The United States financial system is stronger than it was five years ago but risks remain and regulators need to complete reforms, while policymakers should resist efforts to roll back some of the changes, the International Monetary Fund said Tuesday.
In its first major assessment since 2010, the IMF said the U.S. has made strides in improving its oversight of financial firms. Many of those actions were mandated by the Dodd-Frank financial reform law, which was enacted five years ago this month in the wake of the 2008 financial crisis.
Congressional Republicans have been highly critical of the law. They have successfully softened some of the regulations and have pushed to water down more, including trying to weaken the powers of the Consumer Financial Protection Bureau created by the law.
On Monday, Rep. Jeb Hensarling (R-Texas), chairman of the House Financial Services Committee, said his panel would hold three hearings in the coming weeks to assess the Dodd-Frank law as it hits its fifth anniversary.
"We were told Dodd-Frank would ‘lift the economy,’ ‘end too big to fail’ and ‘increase financial stability,'" Hensarling said. "Instead, five years later the big banks are bigger, the small banks are fewer and the economy remains moribund"
But the IMF said the Dodd-Frank reforms have been positive and U.S. officials should resist efforts to water them down.
"Welcome steps have been taken in strengthening the financial system.... But before the memory of the crisis begins to fade, it will be important to complete the reform agenda and resist attempts to overturn previously agreed measures," the IMF said in its 111-page assessment.
Among the helpful steps was the creation of a new panel of regulators, the Financial Stability Oversight Council, to watch for risks and coordinate responses, the report said.
Information sharing among agencies has improved, so-called stress tests of firms is helping deal with risk-management problems and new regulatory powers are in place to shut down firms on the brink of failure instead of bailing them out.
"Bank and insurance capitalization is stronger, household balance sheets are healthier, and progress has been made in addressing key regulatory fault lines," the report said.
"Also, major reforms of financial regulation and supervision have been implemented, and work is ongoing on addressing the misaligned incentives that led to excessive risk taking," it said.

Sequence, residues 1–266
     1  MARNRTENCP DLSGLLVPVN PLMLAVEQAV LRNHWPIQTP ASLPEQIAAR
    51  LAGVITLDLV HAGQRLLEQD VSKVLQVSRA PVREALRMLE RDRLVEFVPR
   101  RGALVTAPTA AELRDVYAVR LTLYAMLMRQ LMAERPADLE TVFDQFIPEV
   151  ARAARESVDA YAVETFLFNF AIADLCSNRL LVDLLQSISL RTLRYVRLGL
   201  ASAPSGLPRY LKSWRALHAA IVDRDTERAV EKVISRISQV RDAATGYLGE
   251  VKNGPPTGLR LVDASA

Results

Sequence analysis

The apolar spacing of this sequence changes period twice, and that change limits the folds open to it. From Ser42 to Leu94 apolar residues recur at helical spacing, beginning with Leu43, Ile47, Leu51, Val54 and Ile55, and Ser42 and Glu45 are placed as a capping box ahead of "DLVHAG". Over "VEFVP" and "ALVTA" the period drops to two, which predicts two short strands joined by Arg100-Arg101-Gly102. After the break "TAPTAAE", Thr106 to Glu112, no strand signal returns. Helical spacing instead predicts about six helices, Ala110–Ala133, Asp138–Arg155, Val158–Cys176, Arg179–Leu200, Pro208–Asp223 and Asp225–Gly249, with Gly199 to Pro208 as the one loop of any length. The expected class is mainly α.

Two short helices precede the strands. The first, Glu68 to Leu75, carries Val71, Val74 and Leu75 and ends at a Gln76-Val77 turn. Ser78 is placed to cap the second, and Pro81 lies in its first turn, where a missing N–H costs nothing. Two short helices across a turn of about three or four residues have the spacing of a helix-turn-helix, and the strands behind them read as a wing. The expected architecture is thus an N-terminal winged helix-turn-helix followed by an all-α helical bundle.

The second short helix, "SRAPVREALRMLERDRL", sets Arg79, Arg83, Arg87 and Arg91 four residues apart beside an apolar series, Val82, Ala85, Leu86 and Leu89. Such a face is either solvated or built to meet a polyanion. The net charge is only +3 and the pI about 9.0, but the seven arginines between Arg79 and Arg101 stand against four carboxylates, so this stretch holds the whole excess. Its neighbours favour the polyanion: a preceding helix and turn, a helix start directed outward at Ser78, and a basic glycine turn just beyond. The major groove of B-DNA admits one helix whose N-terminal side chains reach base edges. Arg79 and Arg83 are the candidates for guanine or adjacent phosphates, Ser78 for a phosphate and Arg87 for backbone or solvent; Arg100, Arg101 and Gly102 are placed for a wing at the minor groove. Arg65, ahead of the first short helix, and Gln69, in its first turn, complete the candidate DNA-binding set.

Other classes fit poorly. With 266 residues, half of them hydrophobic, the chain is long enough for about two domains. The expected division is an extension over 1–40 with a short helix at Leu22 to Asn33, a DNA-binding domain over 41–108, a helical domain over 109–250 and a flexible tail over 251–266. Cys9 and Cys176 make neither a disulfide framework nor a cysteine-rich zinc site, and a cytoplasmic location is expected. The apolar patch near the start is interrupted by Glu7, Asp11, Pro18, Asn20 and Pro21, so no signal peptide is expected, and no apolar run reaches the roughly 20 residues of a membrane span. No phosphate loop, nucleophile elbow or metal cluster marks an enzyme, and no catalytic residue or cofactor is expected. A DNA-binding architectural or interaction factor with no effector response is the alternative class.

But some key vulnerabilities still have not been addressed, including overhauling the housing finance system and reducing the exposure of firms to money market mutual funds, the IMF said.
The long period of extremely low interest rates, led by Federal Reserve policy designed to promote growth, have pushed some firms to take risks in search of better investment returns, the report said.
And a string of mergers in the banking sector, some pushed by regulators during the crisis, have created potential problems.
"Large and interconnected banks dominate the system even more than before," the report said.
The IMF said it was imperative that the U.S. create "an independent national regulator" for the insurance industry, which now is largely overseen by state officials. The Financial Stability Oversight Council should be strengthened and agencies should finish crafting regulations for complex securities known as derivatives, the report said.
Despite the warning about the effects of low interest rates, the IMF in a separate report Tuesday urged the Fed to wait until next year to raise the central bank's key short-term interest rate. The federal funds rate has been near zero since December 2008.
A higher federal funds rate "could still result in significant market volatility and financial stability consequences that go well beyond U.S. borders," the IMF said. The report echoed comments last month by IMF Managing Director Christine Lagarde.
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